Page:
But this Sunday, listening to the denials of John, I am wondering if maybe this is not a bad place to begin. Later, during the course of the church’s year, there will be occasions for us to find out more about Jesus. There will be opportunity for us to give more substance to the shining of the light. But this Sunday, let us attempt simply to lay aside our hopes and expectations, and let the light dawn upon us. Let’s allow the light to enter into our darkness. Let’s simply admit that we are in the dark, that there is much that we don’t know.

One of Jesus’ great problems, when his ministry got going, after this encounter between the authorities and John, was people who thought they knew exactly how the Messiah was supposed to act, how a Messiah was supposed to look. The people decided that what they needed was a good (general to raise an army and run out the Romans. And when Jesus didn’t do that, they rejected him. They decided that they needed someone who spoke cool, soothing words of conventionality. And when Jesus didn’t do that, we turned against him with murderous intensity.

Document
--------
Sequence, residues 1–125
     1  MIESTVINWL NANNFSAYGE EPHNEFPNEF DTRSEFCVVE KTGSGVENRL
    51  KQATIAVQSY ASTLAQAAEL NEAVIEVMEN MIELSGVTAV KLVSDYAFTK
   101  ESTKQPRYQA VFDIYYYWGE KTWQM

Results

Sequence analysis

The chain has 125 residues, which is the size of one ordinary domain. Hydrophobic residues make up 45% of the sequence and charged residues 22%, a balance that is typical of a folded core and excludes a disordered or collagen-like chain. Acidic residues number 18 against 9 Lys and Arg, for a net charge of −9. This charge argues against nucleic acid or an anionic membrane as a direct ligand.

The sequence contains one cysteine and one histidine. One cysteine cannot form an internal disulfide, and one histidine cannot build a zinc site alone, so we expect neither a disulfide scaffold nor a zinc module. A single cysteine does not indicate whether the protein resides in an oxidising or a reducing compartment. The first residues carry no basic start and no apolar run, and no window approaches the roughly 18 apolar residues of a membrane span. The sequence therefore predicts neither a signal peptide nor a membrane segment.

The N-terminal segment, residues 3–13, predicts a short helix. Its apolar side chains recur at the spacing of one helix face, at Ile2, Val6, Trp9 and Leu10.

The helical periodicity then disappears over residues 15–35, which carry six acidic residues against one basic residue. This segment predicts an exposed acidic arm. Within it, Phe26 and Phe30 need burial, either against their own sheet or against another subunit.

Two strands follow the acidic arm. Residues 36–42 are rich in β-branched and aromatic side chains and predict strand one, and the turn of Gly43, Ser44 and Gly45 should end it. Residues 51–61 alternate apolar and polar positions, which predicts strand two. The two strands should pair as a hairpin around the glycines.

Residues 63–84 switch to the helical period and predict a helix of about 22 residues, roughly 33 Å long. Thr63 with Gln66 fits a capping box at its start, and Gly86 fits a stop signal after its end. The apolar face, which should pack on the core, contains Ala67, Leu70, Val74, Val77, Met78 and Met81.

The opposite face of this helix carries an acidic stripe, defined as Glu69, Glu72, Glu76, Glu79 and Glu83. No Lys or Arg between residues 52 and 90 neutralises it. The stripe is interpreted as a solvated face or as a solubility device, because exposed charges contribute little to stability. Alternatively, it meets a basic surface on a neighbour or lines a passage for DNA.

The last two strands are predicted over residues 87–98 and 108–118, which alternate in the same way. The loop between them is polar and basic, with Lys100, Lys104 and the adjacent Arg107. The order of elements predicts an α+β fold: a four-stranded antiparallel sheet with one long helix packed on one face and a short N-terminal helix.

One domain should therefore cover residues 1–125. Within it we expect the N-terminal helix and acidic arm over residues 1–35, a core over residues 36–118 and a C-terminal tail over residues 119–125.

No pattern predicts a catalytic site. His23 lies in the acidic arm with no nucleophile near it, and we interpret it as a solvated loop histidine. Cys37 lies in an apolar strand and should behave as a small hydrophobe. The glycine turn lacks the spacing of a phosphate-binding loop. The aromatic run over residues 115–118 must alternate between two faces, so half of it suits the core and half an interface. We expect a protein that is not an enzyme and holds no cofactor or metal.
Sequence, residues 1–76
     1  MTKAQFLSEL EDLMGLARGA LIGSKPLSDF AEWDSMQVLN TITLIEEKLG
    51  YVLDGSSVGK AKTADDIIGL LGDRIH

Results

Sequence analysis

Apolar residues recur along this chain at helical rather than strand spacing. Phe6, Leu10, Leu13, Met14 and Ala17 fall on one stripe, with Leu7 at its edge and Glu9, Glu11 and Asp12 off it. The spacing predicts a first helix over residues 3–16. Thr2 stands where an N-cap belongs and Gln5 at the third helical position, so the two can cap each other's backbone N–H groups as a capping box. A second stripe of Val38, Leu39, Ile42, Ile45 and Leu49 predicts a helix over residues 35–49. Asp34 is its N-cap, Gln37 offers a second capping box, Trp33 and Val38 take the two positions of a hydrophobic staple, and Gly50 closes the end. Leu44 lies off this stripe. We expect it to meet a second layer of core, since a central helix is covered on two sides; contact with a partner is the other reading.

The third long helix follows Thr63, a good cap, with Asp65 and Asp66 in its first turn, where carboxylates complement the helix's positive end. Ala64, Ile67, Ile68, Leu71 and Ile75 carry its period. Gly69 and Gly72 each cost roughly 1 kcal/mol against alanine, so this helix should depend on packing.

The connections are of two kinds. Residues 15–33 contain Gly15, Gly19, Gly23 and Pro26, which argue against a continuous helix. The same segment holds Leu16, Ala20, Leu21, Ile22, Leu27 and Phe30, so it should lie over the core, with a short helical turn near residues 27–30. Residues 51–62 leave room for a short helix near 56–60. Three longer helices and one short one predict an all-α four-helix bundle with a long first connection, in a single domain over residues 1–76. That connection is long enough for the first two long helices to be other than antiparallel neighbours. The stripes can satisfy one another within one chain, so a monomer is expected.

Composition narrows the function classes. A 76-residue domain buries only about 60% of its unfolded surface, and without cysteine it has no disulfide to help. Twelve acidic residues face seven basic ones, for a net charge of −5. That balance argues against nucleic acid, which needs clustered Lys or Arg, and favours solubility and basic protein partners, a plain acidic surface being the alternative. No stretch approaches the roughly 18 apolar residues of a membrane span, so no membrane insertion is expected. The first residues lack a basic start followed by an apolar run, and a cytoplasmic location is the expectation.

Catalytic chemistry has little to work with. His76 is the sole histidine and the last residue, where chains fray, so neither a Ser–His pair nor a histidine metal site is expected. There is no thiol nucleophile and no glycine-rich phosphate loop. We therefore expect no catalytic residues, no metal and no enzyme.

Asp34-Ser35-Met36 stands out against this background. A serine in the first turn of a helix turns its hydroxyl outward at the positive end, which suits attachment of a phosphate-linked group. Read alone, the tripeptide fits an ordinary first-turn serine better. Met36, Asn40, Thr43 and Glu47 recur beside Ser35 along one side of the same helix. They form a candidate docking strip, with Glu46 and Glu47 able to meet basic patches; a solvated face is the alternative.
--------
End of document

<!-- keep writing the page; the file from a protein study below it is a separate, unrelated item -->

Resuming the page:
Thus, John says that sometimes Jesus will be known, by knowing that which he is not before me knew that which he is. Therefore we must be receptive for surprise, and wonder, and the shock of a God who is not the God we thought we knew.

That is the light coming into our darkness. Today I stand among you as witness to that light, the light coming into the world, the light that the darkness of the world has, over a couple of thousand years later, thank God, not overcome. In him was light, and the light was the light of all. Amen.